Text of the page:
View Full Version : Racism in Soccer McGrath Condemns Racist Support T Shirts

C. Flower
23-12-2011, 12:24 PM
Racism in soccer, on pitch and in the stands, used to be a nasty thing, but was pushed back mainly on the initiative of players.

This is a bad show, and McGrath is right to speak out.

I didn't hear the "complained of" words. Did anyone here, and do they have a view?


Liverpool’s pre-match clothing at the DW Stadium has attracted criticism from several black footballers, and McGrath claimed it represented a devastating setback to the accomplishments of anti-racism campaigns. He said: “Maybe Kenny (Dalglish) is trying to make a statement to the FA but I just think it is in bad taste that he sent them out in those T-shirts. It would have been much better for Liverpool Football Club if they had have worn anti-racism shirts.

“It’s about respect. There’s this issue going on about respecting your opponents. It is actually a game. The game itself has gone too big, it’s about winning and the money. The actual element of football being a game has long since gone, it is all about protecting your interest, protecting your best players.

“There are a lot of children that watch these games and to have done what they did last night, doing their warm-up in T-shirts with his smiling face on it, having just been done for a supposedly racist comment to one of his opponents, is shameful for football. It puts the anti-racism campaign back to the beginning as far as I’m concerned.

“If I was in Glen Johnson’s situation, I’d have thrown the shirt to the floor. If that had been someone in my time and I’d heard the comments or I’d even suspected he was guilty – and obviously there has been a tribunal – then I would not wear a T-shirt with his name on it, saying all is well and good here.”

The Blackburn Rovers striker Jason Roberts also thinks the Suarez case transcends sport. He tweeted: “The stance on the Suarez issue from LFC has bemused me – are United going to print Evra shirts now????? Some issues are bigger than football.”

23-12-2011, 03:34 PM
There was an issue in one LoI club a few years ago. Internally there was a lot of debate about the reactions of some of the chants that some of the fans were directing at a black player who played at the time for Bohemians at the time. Some of the chants aimed at the player were disgusting at the time but some of the fans begged to differ and said it was a bit of craic. There is also the issue with some managers having a put up or shut up attitude with it, telling the players its part and parcel of the game but thankfully here its not rampant as it is in say Russia where Samuel Etoo and Roberto Carlos got monkey chants and bananas thrown at them on a regular basis. More needs to be done to address the issue of racism in football. Heavy fines, ban clubs, kick them out, ban racist fans etc etc.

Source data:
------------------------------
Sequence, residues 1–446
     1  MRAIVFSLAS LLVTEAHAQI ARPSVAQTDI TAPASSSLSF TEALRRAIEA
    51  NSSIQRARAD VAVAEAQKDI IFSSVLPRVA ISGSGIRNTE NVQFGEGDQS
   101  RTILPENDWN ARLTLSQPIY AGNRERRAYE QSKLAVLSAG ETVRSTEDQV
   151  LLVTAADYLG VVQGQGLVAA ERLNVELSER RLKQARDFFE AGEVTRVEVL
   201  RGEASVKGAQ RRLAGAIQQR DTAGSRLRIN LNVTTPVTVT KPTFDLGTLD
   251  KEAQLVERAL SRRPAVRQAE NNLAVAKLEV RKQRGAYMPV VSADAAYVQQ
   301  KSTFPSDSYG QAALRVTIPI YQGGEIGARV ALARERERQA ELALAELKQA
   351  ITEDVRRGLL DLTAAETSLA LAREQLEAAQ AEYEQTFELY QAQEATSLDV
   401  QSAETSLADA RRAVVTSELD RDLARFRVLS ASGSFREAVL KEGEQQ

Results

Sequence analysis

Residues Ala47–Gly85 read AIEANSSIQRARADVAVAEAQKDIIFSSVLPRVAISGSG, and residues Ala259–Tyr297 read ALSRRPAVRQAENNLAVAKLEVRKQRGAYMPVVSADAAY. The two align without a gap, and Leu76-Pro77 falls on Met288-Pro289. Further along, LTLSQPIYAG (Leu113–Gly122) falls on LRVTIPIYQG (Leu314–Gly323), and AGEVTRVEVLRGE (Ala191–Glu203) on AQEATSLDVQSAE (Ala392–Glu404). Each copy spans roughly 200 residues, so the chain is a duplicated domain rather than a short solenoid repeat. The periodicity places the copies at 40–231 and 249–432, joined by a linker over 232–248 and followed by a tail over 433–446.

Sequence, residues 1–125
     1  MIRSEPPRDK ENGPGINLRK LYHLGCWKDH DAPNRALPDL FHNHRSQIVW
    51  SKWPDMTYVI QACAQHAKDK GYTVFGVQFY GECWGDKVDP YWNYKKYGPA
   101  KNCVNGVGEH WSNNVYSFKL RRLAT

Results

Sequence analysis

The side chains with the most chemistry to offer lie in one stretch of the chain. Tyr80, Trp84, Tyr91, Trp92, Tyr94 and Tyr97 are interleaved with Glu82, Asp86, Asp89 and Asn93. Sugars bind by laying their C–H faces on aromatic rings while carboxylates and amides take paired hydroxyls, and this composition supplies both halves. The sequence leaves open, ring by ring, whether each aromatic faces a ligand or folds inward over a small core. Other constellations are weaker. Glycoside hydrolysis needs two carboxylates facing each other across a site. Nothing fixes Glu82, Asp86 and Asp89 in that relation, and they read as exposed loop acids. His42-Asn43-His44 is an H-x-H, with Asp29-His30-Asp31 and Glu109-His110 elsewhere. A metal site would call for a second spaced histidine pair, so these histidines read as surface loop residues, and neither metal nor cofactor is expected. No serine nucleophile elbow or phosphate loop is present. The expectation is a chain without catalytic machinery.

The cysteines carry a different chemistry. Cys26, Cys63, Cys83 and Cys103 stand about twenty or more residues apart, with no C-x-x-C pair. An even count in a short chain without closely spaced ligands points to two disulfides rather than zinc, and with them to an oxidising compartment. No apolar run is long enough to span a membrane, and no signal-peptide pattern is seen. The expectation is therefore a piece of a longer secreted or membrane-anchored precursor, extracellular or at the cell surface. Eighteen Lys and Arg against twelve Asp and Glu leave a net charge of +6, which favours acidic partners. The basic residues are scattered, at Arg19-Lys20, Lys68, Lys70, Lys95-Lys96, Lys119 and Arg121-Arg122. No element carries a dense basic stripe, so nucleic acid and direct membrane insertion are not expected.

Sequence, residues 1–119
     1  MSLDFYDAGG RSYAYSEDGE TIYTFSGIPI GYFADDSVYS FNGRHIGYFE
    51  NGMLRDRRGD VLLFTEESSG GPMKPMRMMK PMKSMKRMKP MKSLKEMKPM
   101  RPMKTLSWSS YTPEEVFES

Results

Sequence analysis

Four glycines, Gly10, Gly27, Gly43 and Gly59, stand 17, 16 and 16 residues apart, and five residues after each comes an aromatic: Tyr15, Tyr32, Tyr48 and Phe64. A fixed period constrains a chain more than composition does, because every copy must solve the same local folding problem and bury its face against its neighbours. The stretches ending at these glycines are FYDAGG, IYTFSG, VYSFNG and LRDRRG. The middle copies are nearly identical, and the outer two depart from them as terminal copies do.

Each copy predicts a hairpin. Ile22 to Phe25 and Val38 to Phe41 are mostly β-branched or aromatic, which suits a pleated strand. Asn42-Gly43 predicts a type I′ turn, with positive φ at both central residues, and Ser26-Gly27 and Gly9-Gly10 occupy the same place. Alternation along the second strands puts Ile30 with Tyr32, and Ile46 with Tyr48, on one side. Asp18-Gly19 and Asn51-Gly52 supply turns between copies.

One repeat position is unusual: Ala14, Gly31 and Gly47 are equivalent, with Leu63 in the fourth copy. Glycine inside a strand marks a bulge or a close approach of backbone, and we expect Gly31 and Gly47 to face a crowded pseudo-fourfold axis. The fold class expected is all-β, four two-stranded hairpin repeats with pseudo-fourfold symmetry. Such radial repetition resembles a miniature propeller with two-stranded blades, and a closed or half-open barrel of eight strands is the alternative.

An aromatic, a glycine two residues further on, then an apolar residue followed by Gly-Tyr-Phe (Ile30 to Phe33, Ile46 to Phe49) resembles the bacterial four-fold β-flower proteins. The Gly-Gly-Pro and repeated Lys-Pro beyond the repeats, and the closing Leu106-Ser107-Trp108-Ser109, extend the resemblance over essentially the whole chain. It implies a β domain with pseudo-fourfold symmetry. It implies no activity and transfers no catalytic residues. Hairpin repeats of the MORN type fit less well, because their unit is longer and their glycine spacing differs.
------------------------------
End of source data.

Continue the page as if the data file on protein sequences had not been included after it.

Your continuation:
23-12-2011, 09:46 PM
Apparently, and I read this in the Guardian a few days ago, Suarez called Evra "negrita".

There is an argument, apparently, that in South America, this is not as horrid a word as it sounds, but I don't know whether this is true or not.

23-12-2011, 09:58 PM
Apparently, and I read this in the Guardian a few days ago, Suarez called Evra "negrita".

There is an argument, apparently, that in South America, this is not as horrid a word as it sounds, but I don't know whether this is true or not.
Tricky one:

"It's about questions of translation or context," said Mark Sawyer, director of the Center for the Study of Race, Ethnicity and Politics at the University of California Los Angeles.
The word's literal translation is "little black man." But generally, negrito is not considered a racial slur in Latin America, Sawyer said. In fact, it frequently has a positive meaning.
"It's often a term of endearment," he said.
But what the word means also depends on where -- and how -- it's said.
"In Puerto Rico, it has one meaning. In Cuba it has a slightly different connotation and in the Dominican Republic it has a slightly different connotation," said Jorge Chinea, director of the Center for Chicano-Boricua Studies at Wayne State University in Detroit.
Chinea said his mother and stepfather, both of whom were light-skinned, frequently used the word.
"When they talked as a couple, my mother would say, 'negrito, I love you.' ... I grew up listening to those expressions commonly being used by a lot of people in my community in Puerto Rico. And it was never associated with any color," he said.


24-12-2011, 04:27 PM
The issue here is how it is percieved. Its one thing using it as a term of endearment to a best mate or someone you are well acquianted with but if you were to use it to a stranger who is unfamiliar with the culture, it would be understandable if they took offence. According to Sky Sports News earlier Chelsea wanted to wear t shirts expressing solidarity with Suarez but they said no. Funnily enough the request came from Terry who is facing charges of apparently racially abusing Anton Ferdinand of QPR. Will be interesting to see what will bethe result of the hearing against Terry. I would say he would hope its all water under the Bridge ...